Town lukewarm to political sign ban

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BELLOWS FALLS — The Rockingham Select Board is less than enthusiastic about a suggestion that political campaign signs be banned from town or village-owned property.

Peter Golec, chairman of the Rockingham Select Board, said Tuesday night that he guessed the political sign ban was aimed at him, since he had posted signs for his campaign for re-election to the Rockingham Select Board at the town's recycling center last month. Golec is a volunteer at the center.

"It's kind of pointed in my direction," Golec said at one point. "I'll leave it at that."

Golec said he had no idea that according to state law any political candidate has to ask town permission to post his signs — unless the town or municipality has an ordinance addressing the issue.

Golec, who was elected to a three-year seat on the Select Board last month, said he had talked to former Select Board member and town clerk Doreen Aldrich, as well as Tom MacPhee, another longtime town official, before he posted his sign at the recycling center. Neither was aware of the requirement that town permission must be granted, he said, noting that he had displayed his campaign sign three times.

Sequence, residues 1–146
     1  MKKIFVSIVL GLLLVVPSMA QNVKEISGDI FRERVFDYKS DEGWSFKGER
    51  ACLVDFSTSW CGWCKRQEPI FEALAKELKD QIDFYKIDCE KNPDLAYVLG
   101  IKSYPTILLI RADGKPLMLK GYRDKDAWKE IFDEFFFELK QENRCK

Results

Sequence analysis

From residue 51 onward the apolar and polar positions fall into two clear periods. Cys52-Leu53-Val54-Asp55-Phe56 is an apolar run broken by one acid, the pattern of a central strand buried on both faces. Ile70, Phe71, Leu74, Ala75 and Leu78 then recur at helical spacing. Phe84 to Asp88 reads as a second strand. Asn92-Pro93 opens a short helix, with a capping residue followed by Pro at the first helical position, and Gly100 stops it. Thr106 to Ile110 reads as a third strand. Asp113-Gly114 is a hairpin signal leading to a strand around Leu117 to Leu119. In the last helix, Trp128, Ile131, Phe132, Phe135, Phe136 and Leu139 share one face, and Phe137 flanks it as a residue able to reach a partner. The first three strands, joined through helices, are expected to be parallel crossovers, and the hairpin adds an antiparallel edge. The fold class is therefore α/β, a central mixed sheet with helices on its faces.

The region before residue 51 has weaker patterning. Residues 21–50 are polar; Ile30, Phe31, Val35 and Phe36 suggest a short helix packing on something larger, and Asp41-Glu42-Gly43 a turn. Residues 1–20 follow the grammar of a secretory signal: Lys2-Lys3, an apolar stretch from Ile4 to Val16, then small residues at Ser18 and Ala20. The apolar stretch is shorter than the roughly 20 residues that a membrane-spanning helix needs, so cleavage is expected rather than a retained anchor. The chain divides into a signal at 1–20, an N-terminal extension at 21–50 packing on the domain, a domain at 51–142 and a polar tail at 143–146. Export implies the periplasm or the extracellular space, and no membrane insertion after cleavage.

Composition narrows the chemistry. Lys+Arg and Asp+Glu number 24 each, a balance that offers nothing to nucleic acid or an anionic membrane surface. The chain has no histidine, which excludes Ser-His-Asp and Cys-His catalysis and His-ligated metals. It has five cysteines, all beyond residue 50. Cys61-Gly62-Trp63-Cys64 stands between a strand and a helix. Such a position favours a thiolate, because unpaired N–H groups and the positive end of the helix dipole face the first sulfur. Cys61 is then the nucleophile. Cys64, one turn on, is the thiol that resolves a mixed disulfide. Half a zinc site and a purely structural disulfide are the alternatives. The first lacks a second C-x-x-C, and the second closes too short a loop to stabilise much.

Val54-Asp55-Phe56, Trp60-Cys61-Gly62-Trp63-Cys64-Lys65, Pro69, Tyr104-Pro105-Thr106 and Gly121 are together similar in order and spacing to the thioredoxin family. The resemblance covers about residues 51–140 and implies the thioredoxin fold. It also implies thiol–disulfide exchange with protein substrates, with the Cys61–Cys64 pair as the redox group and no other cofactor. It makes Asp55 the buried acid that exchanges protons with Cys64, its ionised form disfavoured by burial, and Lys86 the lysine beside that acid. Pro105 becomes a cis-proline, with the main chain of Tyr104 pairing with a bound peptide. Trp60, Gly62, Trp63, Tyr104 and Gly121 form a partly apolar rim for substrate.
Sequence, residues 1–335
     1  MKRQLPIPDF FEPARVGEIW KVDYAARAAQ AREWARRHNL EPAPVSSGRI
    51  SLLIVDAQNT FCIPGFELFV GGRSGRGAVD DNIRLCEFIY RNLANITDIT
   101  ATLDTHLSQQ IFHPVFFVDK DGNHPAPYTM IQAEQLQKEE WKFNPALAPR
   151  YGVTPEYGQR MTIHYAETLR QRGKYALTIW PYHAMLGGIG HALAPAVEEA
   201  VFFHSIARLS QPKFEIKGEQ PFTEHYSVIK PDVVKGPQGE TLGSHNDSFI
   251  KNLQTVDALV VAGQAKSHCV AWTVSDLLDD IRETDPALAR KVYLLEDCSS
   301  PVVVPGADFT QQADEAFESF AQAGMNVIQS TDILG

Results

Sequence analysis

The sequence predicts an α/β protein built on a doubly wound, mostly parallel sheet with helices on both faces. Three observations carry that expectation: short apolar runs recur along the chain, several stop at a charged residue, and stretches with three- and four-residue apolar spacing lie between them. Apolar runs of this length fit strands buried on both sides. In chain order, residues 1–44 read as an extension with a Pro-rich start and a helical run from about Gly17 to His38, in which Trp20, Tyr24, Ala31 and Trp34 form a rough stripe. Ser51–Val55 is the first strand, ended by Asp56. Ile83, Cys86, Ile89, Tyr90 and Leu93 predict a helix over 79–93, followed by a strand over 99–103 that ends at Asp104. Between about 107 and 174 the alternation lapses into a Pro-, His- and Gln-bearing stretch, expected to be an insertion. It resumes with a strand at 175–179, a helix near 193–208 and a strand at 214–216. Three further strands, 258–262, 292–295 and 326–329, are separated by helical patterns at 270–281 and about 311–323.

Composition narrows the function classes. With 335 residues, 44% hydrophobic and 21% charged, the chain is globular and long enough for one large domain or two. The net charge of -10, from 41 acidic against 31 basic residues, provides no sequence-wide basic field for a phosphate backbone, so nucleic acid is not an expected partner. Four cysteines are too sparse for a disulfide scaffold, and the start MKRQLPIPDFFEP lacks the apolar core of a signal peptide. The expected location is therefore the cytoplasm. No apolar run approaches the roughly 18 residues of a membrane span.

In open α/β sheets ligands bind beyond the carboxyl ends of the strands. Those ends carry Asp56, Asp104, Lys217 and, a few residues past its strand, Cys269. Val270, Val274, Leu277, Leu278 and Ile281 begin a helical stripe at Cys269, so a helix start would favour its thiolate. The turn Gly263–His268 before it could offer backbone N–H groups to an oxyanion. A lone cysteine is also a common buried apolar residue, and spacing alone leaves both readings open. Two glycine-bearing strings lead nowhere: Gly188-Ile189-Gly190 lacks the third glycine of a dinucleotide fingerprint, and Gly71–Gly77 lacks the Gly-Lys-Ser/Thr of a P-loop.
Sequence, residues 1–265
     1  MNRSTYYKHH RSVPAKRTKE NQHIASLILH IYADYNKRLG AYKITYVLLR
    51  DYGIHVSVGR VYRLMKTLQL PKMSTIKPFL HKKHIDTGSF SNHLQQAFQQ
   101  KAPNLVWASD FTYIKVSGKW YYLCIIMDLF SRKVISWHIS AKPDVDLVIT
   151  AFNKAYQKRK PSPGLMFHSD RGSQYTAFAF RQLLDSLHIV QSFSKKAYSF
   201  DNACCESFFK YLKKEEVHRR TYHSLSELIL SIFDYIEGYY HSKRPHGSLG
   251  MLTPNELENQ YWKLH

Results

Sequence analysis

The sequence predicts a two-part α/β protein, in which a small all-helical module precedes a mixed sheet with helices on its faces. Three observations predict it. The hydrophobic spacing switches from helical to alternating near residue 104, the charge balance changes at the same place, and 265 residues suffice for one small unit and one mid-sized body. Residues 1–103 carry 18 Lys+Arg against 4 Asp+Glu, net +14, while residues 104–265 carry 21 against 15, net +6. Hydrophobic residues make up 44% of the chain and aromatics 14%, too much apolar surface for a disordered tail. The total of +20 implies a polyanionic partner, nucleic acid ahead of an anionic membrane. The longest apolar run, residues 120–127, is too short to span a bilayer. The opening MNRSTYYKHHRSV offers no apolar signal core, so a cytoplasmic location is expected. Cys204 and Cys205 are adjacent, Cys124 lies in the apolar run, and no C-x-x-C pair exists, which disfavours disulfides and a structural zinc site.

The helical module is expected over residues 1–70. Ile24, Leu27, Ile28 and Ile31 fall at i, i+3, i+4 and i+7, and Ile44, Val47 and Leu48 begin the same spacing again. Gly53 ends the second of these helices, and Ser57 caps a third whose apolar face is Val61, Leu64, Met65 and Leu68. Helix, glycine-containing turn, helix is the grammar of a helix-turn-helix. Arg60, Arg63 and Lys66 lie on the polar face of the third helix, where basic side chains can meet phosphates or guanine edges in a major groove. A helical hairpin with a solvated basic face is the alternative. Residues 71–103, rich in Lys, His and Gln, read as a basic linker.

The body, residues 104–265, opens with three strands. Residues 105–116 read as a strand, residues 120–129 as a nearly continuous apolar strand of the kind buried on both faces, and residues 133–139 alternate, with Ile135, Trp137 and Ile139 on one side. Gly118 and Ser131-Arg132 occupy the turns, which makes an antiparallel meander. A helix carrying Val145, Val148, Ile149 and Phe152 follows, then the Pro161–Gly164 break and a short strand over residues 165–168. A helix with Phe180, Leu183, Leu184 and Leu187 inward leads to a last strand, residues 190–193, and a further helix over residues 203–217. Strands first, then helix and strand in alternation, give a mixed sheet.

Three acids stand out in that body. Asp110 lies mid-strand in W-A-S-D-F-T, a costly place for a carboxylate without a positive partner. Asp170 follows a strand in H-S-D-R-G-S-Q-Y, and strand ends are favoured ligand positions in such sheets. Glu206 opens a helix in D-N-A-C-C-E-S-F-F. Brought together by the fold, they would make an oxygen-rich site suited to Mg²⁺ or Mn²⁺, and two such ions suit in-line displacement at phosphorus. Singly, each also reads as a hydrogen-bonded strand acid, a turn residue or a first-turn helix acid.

Bellows Falls Village President Deborah Wright raised the issue earlier this month, and the matter is slated for a discussion during the upcoming joint boards meeting on April 30. Wright said she is concerned signs on municipal property might be viewed as an endorsement.

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But Peter Golec, as well as fellow Select Board member Stefan Golec, seemed to think political signs should be welcome on all town property. "We're getting too regulated," said Stefan Golec, calling it a "freedom of speech issue."

Select Board member Gaetano Putignano said enforcement was another consideration, since the town recycling center is actually located in the town of Westminster. The center is located on land owned by the village of Bellows Falls. Putignano said he is more interested in making sure the signs were picked up.

Town Manager Wendy Harrison researched the matter with the secretary of state's office, and she said without a local ordinance, the town's permission is required. The ordinance could be very simple, she said.

Harrison said the Bellows Falls village trustees did not have a formal proposal regarding political signs. Harrison said a simple policy of "signs are allowed" could resolve the issue.

Contact Susan Smallheer at

ssmallheer@reformer.com or at 802 254-2311, ext. 154.


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